The Risks of Using Copyrighted Content in 2022

February 18, 2022

In the podcast episode we released this week, we discussed key IP issues for companies as well as some common misconceptions held by founders. One of those common misconceptions is that the use of another’s copyrighted content, particularly unregistered content, is permissible without consent.

Misconceptions that Lead to Companies Misusing Copyrighted Content

There are several underlying rationales that incorrectly lead founders to this conclusion, including:

  • that the use of the copyrighted content is only minimal,
  • it is for a purpose other than the purpose for which the content was created,
  • the user believes the use is art or parody,
  • the user changed the content enough before they used it,
  • the content’s author will never learn about it and wouldn’t mind if they did, or
  • that the content is not protected. 

The Risks of Using Copyrighted Content

However, these beliefs are not correct. Copyright protection in the US is automatic – the work does not need to be registered to receive the benefits of copyright protection. It is protected from the moment it is “fixed” in tangible (including digital) form. The U.S. Copyright Act is also a strict liability statute. This means that the use, copying or making of derivative works based on copyrighted content, whether registered or not, without authorization can result in liability for infringement regardless of the user’s intended purposes or beliefs.

Exceptions to the Copyright Act

There are very limited exceptions to the federal Copyright Act. One such exception is the doctrine of fair use and fair dealing. This doctrine permits the use of limited portions of a copyrighted work for purposes such as commentary, criticism, news reporting, and academic reports. However, there are no bright-line rules around what constitutes a de minimus use and the outcome of fair use court proceedings are determined on a case-by-case basis making them difficult to predict.

It is best to err on the side of caution when using copyrighted works and either seek permission from the rightsholder or seek legal advice if your business intends to use another’s work.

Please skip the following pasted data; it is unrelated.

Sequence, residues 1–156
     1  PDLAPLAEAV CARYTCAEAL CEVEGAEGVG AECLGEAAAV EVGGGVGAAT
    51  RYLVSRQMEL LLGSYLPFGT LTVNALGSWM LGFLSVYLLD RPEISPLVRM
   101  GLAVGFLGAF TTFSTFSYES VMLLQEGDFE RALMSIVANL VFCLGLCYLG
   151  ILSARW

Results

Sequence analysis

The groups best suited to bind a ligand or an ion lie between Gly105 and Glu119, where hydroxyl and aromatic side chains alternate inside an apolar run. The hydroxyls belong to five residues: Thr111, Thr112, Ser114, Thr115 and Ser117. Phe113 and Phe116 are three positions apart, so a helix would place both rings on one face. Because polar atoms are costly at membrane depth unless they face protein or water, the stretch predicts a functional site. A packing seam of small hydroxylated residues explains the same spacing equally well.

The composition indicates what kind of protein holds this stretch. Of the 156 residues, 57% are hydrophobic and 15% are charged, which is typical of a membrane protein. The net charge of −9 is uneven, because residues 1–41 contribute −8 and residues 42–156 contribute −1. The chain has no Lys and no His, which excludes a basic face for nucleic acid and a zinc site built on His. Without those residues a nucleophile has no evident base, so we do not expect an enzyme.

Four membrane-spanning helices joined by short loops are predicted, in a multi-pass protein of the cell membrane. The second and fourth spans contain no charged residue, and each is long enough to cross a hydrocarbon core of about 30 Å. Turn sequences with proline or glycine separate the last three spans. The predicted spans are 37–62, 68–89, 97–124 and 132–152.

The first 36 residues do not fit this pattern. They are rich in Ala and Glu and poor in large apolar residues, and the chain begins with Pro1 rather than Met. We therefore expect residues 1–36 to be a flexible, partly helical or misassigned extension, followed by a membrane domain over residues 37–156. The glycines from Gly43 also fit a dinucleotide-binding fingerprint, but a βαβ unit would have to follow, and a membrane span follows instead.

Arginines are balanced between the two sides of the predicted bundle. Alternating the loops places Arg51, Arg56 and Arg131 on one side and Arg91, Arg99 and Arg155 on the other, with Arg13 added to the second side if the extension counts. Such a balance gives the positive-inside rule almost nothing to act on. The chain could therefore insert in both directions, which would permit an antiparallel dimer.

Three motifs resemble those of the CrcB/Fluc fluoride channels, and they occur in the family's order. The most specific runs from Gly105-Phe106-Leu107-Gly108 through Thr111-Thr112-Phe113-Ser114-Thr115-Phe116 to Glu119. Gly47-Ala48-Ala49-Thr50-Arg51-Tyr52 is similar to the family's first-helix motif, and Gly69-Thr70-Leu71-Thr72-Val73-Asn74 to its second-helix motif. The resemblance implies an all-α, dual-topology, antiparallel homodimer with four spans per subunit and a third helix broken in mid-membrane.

The Public Domain Copyright Misconception 

Finally, remember that not everything that is publicly available is in the public domain. Whether a work is in the public domain depends on whether the work qualifies for copyright protection at all (for instance, works created by the U.S. government are not protected by copyright and are free to use) and if so, then when the term of copyright protection for that work expired. As a general rule, anything created more than 95 years ago is in the public domain. Most works created more recently, including a great deal of the works publicly available online, are protected by copyright. 

If you found this commentary interesting, be sure to review our 5 Tips to Navigate Key IP Issues in 2022 and listen to our podcast episode on Key IP Issues. In it, we talk through some key IP issues we encounter in our representation of founders, startups, and entrepreneurs. We know it’s not the sexiest legal topic. But the consequences for making some of these common IP mistakes are huge.

In this episode, you will hear:

  • Identifying what IP you own and available mechanisms for protection
  • Examples of IP types and those not eligible for IP protection
  • Creating appropriate confidentiality protections
  • Limiting disclosure as necessary
  • Failure to establish clear ownership of valuable IP
  • Where do the IP rights belong?
  • Drafting poorly drafted IP agreements or no IP agreements


Otherwise, if you’re uncertain about your company’s use of another’s IP, reach out. Our intellectual property attorneys would love to help.


The materials available at this website are for informational purposes only and not for the purpose of providing legal advice. You should contact your attorney to obtain advice with respect to any particular issue or problem. Use of and access to this website or any of the e-mail links contained within the site do not create an attorney-client relationship between CGL and the user or browser. The opinions expressed at or through this site are the opinions of the individual author and may not reflect the opinions of the firm or any individual attorney.

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